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Prove that the property max-n, is not inherited by normal subgroups. [Let $A$ be the additive groups of rational numbers of the for $m2^n$, $m,n \in \mathbb{Z}$, and let $T = \langle t \rangle$ be infinite cyclic. Let $t$ act on $A$ by the rule $ta = 2a$. Now consider the group $G$ which is the semidirect product of $T$ and $A$.]

Here, a group has the property max-n means any set of normal subgroups of this group has a maximal element.

The group $A$ certainly does not have this property as $\langle \frac{1}{2} \rangle \subsetneq \langle \frac{1}{2^2} \rangle \subsetneq \cdots \subsetneq \langle \frac{1}{2^n} \rangle \subsetneq \cdots$ is an infinite ascending sequence of normal subgroups. Then, I have to prove $G$ has the property max-n.

First, suppose that the normal subgroup $N$ is contained in $A$ (the semidirect product of $\{1 \}$ and $A$). If $N$ is not trivial, then $(1,k) \in N$ for some integer $k$. As $(t,0)(1,k)(t,0)^{-1} = (t,0)(1,k)(t^{-1},0) = (1,2^{-1}k)$, $\{ 2^nk | n \in \mathbb{Z} \} \subseteq N$. It is clear that any nontrivial normal subgroup of $G$ contained in $A$ never appears in an infinite ascending sequence. Then it remains to consider the normal subgroups which have nontrivial intersections with $T$. But the computation becomes more and mor complicate.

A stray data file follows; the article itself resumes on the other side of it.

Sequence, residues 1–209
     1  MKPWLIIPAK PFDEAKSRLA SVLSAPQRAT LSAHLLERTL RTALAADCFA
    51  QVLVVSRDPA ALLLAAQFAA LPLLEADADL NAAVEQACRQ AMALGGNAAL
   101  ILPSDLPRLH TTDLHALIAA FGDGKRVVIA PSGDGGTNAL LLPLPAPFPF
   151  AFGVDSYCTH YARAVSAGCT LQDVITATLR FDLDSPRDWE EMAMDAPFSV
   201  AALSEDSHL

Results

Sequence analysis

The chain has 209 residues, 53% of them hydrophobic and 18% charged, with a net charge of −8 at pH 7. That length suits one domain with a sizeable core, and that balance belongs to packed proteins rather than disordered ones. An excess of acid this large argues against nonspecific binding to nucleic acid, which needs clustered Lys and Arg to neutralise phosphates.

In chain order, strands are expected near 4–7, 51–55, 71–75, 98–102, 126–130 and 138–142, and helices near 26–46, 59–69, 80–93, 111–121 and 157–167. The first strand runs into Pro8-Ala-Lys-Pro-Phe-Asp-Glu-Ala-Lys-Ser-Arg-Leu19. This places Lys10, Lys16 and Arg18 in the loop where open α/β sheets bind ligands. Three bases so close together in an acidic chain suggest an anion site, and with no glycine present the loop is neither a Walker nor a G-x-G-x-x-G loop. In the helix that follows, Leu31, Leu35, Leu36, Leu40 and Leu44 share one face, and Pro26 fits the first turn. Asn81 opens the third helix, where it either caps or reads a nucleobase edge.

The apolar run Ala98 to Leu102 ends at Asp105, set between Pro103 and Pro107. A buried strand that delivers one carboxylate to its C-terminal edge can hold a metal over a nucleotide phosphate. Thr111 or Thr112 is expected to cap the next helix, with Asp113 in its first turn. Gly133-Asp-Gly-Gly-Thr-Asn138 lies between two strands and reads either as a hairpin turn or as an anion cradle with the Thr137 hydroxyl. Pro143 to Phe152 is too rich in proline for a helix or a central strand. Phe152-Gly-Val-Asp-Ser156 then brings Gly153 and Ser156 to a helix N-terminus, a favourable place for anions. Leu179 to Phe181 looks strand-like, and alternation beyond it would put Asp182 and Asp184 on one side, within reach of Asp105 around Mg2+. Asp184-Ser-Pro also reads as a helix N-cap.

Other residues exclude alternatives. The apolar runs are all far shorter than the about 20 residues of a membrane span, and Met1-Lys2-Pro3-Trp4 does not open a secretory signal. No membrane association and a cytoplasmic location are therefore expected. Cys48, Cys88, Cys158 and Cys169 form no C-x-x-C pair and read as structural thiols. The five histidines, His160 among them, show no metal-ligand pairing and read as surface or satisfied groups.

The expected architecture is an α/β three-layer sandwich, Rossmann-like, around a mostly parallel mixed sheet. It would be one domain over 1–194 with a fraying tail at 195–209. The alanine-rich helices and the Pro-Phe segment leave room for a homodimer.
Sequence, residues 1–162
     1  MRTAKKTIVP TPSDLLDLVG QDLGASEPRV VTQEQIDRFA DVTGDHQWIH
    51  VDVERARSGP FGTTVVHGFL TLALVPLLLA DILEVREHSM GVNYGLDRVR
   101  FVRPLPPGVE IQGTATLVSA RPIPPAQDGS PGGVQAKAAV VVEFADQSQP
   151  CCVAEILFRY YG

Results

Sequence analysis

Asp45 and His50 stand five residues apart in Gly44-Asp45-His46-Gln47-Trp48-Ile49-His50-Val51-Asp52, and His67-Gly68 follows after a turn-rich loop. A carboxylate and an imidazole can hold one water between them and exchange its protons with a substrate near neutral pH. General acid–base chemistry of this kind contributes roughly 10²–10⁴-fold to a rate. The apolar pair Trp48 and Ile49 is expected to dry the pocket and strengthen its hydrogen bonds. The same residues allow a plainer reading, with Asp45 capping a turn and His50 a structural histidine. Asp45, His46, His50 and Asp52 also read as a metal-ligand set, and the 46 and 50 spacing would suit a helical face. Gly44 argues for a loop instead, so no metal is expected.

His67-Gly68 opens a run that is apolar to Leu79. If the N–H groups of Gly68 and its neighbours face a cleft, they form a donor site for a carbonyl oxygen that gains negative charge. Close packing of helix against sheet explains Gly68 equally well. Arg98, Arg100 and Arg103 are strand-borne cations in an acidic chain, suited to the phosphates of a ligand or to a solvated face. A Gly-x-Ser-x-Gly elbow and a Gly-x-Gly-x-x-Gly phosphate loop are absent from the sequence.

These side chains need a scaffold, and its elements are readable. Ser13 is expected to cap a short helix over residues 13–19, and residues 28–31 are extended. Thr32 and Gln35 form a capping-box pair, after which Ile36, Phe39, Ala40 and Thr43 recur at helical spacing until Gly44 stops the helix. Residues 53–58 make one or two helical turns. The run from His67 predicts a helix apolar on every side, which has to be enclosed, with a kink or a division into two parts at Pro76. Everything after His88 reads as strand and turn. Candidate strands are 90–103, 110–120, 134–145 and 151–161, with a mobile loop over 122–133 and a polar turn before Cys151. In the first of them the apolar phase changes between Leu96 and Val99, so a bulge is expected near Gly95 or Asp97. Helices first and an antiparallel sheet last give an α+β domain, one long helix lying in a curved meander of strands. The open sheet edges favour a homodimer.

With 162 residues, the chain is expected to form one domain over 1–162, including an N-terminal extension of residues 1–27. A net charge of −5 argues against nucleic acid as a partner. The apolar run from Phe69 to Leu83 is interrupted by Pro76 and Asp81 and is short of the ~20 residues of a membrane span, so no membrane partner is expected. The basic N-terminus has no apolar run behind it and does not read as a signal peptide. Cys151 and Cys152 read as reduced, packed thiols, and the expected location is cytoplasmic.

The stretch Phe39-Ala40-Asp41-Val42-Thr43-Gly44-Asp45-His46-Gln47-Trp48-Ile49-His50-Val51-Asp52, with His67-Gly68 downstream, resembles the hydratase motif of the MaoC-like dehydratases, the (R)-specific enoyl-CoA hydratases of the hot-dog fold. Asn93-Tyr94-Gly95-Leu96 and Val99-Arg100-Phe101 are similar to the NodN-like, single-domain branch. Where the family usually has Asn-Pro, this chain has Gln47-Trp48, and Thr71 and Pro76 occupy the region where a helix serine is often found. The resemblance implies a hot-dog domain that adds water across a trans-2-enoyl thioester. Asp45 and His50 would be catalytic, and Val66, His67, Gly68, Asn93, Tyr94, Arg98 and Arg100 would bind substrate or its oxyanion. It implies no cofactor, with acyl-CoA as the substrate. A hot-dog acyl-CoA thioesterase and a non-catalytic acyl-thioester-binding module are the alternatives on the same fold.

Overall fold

So, do I have to find out all the possible normal subgroups of $G$, in order to remove the possibility of infinite sequence? If this is necessary, is there any better idea of finding all these normal subgroups? If not, how can I prove the max-n property of $G$?

Many thanks.

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up vote 2 down vote accepted

The normal subgroups of $G$ contained in $A$ are all of the form $\{ k2^n : n \in \mathbb{Z}, k >0, k\ {\rm odd}\}$ so (as you observed in your post), an ascending chain of such subgroups must stabilize.

Now let $N_1 < N_2 < \cdots$ be an ascending chain of normal subgroups of $G$. Then $N_iA/A$ is an ascending chain of normal subgroups of an infinite cyclic group, so must stabilize. Also $N_i \cap A$ is an ascending chain of normal subgroups of $G$ contained in $A$, so it must stabilize. Once both of these chains have stabilized, so has $N_i$ itself.

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Thank you very much! If I am not mistaken, this is like the method of proving the Jordan–Hölder theorem. I forgot it. Thank you very much. – ShinyaSakai Oct 30 '11 at 15:44

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